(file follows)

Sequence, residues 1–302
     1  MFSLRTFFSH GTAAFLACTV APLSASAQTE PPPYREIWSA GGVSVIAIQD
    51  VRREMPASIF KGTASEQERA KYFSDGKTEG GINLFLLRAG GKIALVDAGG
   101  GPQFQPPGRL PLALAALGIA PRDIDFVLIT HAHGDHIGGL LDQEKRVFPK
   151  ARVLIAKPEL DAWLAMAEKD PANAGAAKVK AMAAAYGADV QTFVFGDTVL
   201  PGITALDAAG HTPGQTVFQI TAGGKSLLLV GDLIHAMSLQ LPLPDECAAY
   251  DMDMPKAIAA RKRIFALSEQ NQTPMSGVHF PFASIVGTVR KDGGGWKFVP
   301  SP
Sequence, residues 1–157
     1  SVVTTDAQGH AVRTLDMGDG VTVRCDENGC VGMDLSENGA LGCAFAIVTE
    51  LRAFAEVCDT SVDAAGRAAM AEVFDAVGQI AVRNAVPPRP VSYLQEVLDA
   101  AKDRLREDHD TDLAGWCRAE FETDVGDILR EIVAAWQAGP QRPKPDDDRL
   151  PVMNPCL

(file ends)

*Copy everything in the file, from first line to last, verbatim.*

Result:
Sequence, residues 1–302
     1  MFSLRTFFSH GTAAFLACTV APLSASAQTE PPPYREIWSA GGVSVIAIQD
    51  VRREMPASIF KGTASEQERA KYFSDGKTEG GINLFLLRAG GKIALVDAGG
   101  GPQFQPPGRL PLALAALGIA PRDIDFVLIT HAHGDHIGGL LDQEKRVFPK
   151  ARVLIAKPEL DAWLAMAEKD PANAGAAKVK AMAAAYGADV QTFVFGDTVL
   201  PGITALDAAG HTPGQTVFQI TAGGKSLLLV GDLIHAMSLQ LPLPDECAAY
   251  DMDMPKAIAA RKRIFALSEQ NQTPMSGVHF PFASIVGTVR KDGGGWKFVP
   301  SP
Sequence, residues 1–157
     1  SVVTTDAQGH AVRTLDMGDG VTVRCDENGC VGMDLSENGA LGCAFAIVTE
    51  LRAFAEVCDT SVDAAGRAAM AEVFDAVGQI AVRNAVPPRP VSYLQEVLDA
   101  AKDRLREDHD TDLAGWCRAE FETDVGDILR EIVAAWQAGP QRPKPDDDRL
   151  PVMNPCL